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In Search of Evidence Supporting Electronic Fetal Monitoring

Potera, Carol

Section Editor(s): Kennedy, Maureen Shawn MA, RN

Author Information
AJN, American Journal of Nursing: June 2007 - Volume 107 - Issue 6 - p 22
doi: 10.1097/01.NAJ.0000271838.54423.47


Many hospitals advertise their high-tech fetal monitoring system as evidence of the safety of delivering at their facilities. However, two recent studies found that neither central fetal heart monitoring nor fetal oxygen monitoring improved perinatal outcomes or reduced the rate of cesarean section.

Researchers at the University of Buffalo and Women and Children's Hospital of Buffalo conducted a retrospective study to evaluate whether central fetal monitoring influences perinatal outcomes and the cesarean section rate. They compared data from 3,007 births during a two-year period when the hospital did not have a central fetal monitoring system with data from 3,512 births two years earlier, when the system was operating. Comparing full-term and preterm deliveries in which central fetal monitoring was used with those in which it wasn't, they found no differences in the cesarean section rate, the proportion of admissions to the neonatal ICU, or the proportion of Apgar scores of less than 7.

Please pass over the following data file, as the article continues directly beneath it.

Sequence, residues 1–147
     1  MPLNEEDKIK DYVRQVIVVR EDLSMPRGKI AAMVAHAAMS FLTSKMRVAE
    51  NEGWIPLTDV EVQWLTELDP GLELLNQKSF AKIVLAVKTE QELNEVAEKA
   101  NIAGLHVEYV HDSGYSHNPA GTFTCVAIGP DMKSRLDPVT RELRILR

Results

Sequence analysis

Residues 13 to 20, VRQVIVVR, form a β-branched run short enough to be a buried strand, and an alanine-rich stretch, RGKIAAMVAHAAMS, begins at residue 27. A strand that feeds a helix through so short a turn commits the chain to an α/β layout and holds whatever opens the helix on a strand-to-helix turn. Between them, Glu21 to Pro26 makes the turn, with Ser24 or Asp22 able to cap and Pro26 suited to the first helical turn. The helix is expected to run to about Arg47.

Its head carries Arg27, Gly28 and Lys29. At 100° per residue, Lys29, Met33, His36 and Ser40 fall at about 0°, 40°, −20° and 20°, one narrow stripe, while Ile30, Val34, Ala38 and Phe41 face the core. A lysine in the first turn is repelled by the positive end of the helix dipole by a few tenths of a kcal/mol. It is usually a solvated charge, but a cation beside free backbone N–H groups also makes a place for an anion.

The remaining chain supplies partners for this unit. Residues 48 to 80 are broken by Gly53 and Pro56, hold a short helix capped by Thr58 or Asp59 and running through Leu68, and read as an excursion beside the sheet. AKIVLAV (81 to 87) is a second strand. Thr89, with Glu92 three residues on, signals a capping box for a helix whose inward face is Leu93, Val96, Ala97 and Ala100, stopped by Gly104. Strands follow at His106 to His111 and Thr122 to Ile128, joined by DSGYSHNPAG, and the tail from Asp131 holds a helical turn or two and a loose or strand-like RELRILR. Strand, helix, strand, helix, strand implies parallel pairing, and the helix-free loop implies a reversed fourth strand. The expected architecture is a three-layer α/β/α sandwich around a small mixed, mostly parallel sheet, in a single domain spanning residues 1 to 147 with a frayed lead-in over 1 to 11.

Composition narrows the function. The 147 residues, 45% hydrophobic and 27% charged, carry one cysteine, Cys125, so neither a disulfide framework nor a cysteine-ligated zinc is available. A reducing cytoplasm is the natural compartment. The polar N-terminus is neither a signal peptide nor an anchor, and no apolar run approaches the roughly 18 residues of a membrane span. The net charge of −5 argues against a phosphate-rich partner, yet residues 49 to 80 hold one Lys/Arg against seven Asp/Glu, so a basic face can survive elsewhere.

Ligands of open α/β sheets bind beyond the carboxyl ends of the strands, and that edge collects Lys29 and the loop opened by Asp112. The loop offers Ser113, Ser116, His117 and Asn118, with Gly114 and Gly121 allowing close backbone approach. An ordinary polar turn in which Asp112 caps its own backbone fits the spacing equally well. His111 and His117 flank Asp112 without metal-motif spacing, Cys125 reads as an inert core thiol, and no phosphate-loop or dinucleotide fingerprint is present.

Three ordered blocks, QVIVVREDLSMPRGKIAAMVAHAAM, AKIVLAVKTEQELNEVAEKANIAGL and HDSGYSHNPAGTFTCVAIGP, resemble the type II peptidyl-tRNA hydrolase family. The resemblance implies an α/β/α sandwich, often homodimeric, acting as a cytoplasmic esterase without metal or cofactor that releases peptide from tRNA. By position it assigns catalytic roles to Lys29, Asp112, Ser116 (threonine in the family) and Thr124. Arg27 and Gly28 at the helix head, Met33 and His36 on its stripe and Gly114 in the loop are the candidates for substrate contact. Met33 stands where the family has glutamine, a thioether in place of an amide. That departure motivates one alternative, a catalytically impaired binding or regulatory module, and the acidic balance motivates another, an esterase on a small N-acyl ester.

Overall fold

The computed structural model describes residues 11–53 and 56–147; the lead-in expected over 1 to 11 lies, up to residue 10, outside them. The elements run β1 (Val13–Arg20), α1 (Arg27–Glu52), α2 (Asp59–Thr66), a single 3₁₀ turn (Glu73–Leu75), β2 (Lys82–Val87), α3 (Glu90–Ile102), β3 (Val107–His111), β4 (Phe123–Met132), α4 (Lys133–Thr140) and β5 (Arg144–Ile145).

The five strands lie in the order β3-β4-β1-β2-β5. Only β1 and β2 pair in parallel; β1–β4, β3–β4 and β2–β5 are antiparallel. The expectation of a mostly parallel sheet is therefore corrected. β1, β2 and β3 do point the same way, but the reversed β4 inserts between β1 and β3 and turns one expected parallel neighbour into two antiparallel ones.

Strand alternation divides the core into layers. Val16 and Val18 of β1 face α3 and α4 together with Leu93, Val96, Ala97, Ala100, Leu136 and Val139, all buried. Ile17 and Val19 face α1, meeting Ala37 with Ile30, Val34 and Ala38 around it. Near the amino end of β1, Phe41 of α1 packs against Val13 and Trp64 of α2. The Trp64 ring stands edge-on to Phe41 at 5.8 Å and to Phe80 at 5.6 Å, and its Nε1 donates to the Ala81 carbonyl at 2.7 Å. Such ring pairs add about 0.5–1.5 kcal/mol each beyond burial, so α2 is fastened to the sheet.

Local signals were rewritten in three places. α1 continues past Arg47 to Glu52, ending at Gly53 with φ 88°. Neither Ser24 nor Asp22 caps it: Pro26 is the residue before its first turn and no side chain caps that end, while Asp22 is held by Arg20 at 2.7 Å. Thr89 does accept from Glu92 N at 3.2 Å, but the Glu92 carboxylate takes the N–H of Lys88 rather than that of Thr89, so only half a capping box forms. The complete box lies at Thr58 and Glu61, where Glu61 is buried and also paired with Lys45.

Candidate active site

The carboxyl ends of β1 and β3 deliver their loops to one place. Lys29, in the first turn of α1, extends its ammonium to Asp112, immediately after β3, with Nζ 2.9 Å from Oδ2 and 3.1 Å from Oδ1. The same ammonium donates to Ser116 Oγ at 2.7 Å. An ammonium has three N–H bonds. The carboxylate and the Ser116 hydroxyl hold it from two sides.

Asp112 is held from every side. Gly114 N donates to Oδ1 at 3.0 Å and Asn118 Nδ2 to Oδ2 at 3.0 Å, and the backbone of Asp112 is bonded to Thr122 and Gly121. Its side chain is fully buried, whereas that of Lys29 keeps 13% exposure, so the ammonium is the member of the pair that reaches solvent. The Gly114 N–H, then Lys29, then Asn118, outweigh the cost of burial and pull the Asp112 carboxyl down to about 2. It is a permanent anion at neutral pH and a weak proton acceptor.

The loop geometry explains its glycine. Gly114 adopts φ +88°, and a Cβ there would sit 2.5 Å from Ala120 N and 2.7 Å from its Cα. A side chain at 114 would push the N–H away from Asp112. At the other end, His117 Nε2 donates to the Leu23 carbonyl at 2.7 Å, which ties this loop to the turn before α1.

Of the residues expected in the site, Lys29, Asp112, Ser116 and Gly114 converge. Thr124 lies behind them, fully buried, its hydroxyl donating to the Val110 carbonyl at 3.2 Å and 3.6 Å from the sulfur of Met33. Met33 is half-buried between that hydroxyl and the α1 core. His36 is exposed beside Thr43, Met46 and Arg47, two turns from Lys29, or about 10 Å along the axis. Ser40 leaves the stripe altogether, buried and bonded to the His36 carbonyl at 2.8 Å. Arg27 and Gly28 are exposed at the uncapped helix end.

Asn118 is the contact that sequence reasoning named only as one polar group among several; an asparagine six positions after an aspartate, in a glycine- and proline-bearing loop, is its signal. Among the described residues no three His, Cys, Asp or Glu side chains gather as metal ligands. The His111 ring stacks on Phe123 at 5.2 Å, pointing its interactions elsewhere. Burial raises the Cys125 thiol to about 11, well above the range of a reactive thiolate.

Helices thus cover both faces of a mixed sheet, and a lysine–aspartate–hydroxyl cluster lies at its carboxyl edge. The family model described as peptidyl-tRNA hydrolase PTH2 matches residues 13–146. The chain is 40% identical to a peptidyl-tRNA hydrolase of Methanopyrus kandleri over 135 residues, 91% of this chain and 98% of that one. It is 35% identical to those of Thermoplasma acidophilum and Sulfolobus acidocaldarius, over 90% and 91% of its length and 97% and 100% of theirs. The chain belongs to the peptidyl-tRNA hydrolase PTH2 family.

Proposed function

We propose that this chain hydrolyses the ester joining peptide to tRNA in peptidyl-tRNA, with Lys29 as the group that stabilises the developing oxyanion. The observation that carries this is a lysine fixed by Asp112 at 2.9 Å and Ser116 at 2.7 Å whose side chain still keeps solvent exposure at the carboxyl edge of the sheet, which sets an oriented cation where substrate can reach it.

“Hospitals buy these monitors and think they help with perinatal outcomes, but it simply is not true,” says Matthew Withiam-Leitch, lead author of the report. He and his coauthors contend that although hospitals spend millions of dollars on central fetal monitoring systems, “the allocation of health care resources to these units may not be justified.”

With central monitoring, nurses and physicians view a monitor usually located at a nursing station to track fetal status instead of visiting individual birthing rooms. Consequently, says Carol Sakala, director of programs at Childbirth Connection in New York City, central fetal monitoring “may fragment care, reduce bedside contact, compromise other types of direct assessment, isolate laboring women, and reduce valuable and appreciated supportive care during labor.”

Another technology also does not live up to its promise. In 2000 the U.S. Food and Drug Administration approved use of the OxiFirst Fetal Oxygen Saturation Monitoring System as a complement to fetal heart rate monitoring. In cases of a nonreassuring fetal heart rate, which may indicate that the fetus is not receiving adequate oxygen during labor, the oxygen saturation monitor is supposed to help clinicians decide whether a cesarean section is indicated.

In a nationwide, randomized trial of 5,341 first-time mothers conducted by the National Institute of Child Health and Human Development Maternal–Fetal Medicine Units Network between 2002 and 2005, fetal oxygen monitoring had no effect on the number of cesarean section deliveries or forceps- or vacuum-assisted vaginal deliveries. It also did not affect newborn outcomes.

The study's design called for the enrollment of 10,000 women, but recruiting was ended early because of the clear-cut results. “Pregnant women should not be exposed to a technology that appears to provide no benefit,” said Steven Bloom, chairman of obstetrics and gynecology at the University of Texas Southwestern Medical Center in Dallas and lead author of the study.

Carol Potera

Withiam-Leitch M, et al. Birth 2006;33(4):284–8;
    Bloom SL, et al. N Engl J Med 2006;355(21):2195–202.
    © 2007 Lippincott Williams & Wilkins, Inc.